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A ‘Heaven’-sent event

Sony brings out big guns for Santana concert

In a display of showmanship seldom seen in recent years, Sony Music Entertainment and its colorful chief creative officer Clive Davis will unveil Carlos Santana’s upcoming album, “Guitar Heaven: The Greatest Guitar Classics of All Time,” to about 20 media outlets Wednesday at the Hard Rock Hotel & Casino in Las Vegas.

The event, which will include a concert by Santana and the album’s featured vocalists India.Arie, Chris Daughtry and Gavin Rossdale, represents a generous show of support at a time when the record business continues to suffer from flagging album sales, and when one of its few signs of health, the concert biz, has sustained the weakest summer touring season in five years. Among other expenses, Sony is footing the bill for flights and accommodations for national media outlets and major overseas organizations from the U.K. and Germany.

“We don’t do it as often as we used to, of course,” said exec VP/g.m. of Sony’s RCA Music Group Tom Corson, who pegs the cost of the affair in “the low six figures.” “Back in the heyday of the record business these junkets, for lack of a better word, were de rigueur.”

Davis said it was important to create a memorable event because the label is depending on word of mouth more than radio play to create buzz about the record. Both he and Corson contend that “concept albums” are less radio-friendly than the typical pop release. It’s due out Sept. 21.

“So we’re having an event not to dazzle or glamorize or put celebrities around,” Davis said. “I think it’s more important to get those people in the media to listen to it, and hopefully, they’ll spread the word that this is a very unique and special album, and a must-have album.”

The last time Sony staged such a coming-out party was last July, when it held listening sessions of Whitney Houston’s “I Look to You,” her first album in seven years, in Los Angeles, New York and London. Again, it was Davis — who has a long association with Houston and Santana — who led the charge. But for that effort, Sony took its show on the road, and Houston didn’t perform.

In this case, holding the event in Las Vegas made sense since Santana has a residency at the Hard Rock, via AEG, that began last year. It’s called “Supernatural Santana: A Trip Through the Hits.”

Corson acknowledged that the Clive Davis factor is a “huge part” of the Santana push, the kind of effort that the label reserves for those considered its legends — Santana, Houston, Rod Stewart and Barry Manilow — all of whom have worked closely with Davis over the years.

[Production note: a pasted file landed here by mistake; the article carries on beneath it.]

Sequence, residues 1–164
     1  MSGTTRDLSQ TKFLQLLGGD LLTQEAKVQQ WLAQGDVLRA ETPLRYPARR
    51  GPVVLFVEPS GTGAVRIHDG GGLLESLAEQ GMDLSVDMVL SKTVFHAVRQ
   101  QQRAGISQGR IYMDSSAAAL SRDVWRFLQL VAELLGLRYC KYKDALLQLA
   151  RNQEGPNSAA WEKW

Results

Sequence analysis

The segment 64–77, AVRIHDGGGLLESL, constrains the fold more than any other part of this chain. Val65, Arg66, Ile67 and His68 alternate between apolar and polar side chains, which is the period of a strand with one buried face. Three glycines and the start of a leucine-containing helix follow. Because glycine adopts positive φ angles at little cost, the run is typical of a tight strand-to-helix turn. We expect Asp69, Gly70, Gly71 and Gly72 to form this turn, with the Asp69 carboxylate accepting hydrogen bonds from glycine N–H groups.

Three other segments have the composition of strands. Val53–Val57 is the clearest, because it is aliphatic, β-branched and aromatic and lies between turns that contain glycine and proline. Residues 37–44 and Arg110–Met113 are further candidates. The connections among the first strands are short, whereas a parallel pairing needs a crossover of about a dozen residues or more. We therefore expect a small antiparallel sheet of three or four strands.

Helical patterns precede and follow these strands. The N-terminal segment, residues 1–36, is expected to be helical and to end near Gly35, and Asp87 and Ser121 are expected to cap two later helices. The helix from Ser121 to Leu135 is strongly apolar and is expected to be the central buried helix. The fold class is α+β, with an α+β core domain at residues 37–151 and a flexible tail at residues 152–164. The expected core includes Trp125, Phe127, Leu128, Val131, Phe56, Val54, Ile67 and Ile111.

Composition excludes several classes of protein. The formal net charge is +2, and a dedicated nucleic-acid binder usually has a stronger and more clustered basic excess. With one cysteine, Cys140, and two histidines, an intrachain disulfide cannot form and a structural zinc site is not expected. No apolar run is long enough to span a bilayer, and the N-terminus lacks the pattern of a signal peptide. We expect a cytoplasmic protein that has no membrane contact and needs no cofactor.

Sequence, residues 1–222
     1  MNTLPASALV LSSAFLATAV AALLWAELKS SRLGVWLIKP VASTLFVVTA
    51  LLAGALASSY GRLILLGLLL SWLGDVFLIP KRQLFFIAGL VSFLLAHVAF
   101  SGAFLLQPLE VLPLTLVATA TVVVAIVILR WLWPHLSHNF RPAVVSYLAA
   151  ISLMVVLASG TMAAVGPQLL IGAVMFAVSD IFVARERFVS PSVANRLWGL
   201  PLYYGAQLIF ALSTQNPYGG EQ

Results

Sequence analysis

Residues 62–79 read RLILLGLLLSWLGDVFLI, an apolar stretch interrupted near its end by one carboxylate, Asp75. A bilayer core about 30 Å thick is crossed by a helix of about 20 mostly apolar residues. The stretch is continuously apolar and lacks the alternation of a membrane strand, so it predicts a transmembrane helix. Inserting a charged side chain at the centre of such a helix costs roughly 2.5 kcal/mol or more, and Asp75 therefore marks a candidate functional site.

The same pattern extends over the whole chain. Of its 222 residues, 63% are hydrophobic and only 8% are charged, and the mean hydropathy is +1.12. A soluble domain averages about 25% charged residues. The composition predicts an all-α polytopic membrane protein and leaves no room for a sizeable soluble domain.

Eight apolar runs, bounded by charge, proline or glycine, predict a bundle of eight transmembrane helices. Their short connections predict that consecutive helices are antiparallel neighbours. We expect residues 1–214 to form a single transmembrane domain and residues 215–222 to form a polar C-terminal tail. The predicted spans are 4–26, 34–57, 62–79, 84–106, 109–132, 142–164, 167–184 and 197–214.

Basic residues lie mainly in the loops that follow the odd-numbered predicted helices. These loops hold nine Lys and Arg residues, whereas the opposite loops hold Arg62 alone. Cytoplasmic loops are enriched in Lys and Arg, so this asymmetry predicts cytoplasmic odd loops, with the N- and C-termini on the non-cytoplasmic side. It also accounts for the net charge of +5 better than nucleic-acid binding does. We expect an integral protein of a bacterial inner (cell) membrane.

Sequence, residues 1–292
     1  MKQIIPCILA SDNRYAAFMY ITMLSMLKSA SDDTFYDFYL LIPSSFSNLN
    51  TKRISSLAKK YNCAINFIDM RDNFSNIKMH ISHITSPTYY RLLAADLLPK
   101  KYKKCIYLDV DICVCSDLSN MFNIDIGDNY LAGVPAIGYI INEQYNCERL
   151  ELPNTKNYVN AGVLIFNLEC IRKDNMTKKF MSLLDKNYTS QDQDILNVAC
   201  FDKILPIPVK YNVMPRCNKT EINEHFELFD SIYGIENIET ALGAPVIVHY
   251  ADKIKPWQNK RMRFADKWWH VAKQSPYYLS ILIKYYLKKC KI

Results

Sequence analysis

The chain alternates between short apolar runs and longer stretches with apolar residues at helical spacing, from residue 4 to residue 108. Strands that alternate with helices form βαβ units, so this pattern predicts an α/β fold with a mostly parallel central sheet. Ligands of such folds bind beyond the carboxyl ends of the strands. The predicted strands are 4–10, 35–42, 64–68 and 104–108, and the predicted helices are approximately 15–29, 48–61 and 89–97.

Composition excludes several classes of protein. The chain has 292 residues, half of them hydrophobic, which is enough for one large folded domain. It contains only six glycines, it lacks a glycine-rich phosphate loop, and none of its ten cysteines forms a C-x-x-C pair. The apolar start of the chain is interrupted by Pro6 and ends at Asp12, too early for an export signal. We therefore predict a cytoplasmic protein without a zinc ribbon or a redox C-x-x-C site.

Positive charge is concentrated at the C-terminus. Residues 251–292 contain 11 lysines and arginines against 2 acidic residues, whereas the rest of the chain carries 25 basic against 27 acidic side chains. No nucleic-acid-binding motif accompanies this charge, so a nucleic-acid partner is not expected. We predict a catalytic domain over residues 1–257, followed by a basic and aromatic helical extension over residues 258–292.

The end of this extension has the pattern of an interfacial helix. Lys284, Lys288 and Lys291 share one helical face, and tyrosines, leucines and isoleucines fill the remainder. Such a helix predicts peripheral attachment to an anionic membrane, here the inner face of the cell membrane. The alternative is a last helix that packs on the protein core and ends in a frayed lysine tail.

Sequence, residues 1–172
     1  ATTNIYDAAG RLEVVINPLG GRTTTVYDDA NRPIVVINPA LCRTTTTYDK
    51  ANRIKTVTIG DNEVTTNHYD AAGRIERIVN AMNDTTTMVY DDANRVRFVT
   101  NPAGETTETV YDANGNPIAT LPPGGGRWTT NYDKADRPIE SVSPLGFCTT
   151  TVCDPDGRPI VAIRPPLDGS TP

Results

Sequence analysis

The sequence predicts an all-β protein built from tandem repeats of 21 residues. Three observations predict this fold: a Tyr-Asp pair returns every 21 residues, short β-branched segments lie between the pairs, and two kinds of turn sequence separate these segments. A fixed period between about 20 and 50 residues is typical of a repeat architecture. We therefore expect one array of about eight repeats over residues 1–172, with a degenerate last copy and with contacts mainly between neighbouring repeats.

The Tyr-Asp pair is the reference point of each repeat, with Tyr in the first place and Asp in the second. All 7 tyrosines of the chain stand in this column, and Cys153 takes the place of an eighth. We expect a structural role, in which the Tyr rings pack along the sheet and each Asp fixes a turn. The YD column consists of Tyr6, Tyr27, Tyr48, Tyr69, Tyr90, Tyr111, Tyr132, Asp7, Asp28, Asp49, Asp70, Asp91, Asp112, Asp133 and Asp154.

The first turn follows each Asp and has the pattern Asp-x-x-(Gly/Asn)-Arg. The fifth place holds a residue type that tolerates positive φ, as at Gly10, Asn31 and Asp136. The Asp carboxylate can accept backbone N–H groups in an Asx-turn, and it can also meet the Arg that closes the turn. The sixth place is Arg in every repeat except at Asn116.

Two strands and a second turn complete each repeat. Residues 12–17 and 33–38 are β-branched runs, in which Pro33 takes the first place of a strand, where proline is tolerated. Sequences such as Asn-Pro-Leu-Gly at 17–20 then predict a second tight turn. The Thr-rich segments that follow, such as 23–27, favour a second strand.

It was Davis who prodded Houston out of a long period of inactivity for “I Look to You,” and the idea of Santana doing a sort of guitar hero album was pure Davis.

“There are very few label executives or producers or even artists who can suffer this kind of scrutiny,” Corson said of Davis. “And he’s such a great spokesman for his projects, and he brings you in behind the scenes to reveal his thought process — because it was his concept. And it took a little salesmanship and prodding to get Carlos to sign on. … But that’s the brilliance of Clive and his persistence.”

Santana was one of the first acts that Davis signed, along with Janis Joplin and Blood, Sweat & Tears, when he became president of Columbia Records in 1967. It was Davis who revived Santana’s career with 1999’s “Supernatural,” on which he paired Santana with such artists as Rob Thomas and Wyclef Jean. Although the album debuted at No. 19 on the Billboard Top 200, it eventually landed the No. 1 spot and held onto it for 12 consecutive weeks. It sold 27 million copies worldwide (15 million in the U.S. alone) and won nine Grammys, including Record of the Year.

Davis has established a pattern of pairing some of his biggest acts with big-name songwriters, producers and guest artists, which he continued to do with Santana post “Supernatural.” With “Guitar Heaven,” he and co-producers Howard Benson and Matt Serletic cherry-picked classic tunes like Led Zeppelin’s “Whole Lotta Love” and George Harrison’s “While My Guitar Gently Weeps,” much like he did with Harry Connick Jr.’s recent collection of

covers, “Your Songs.”

Whether the gamble on the promotional event will pay off is anybody’s guess. In Houston’s case, her last album sold well, but not spectacularly, compared to past efforts. Nevertheless, Corson considered that campaign a success.

“We’re over 2 million albums (sold) worldwide — a million here and a million overseas,” Corson said.

Corson said more promo activity is planned for Santana, including appearances on “The Tonight Show With Jay Leno,” “Lopez Tonight,” “Dancing With the Stars,” and “The Ellen DeGeneres Show.”

Sony is also compiling a doc/TV special from the three performances at the Hard Rock, as well as background and studio footage with many of the artists on the album as well as Davis. Davis said he considers all this activity as “getting back to basics” by “perpetuating the careers of artists for the long term.”

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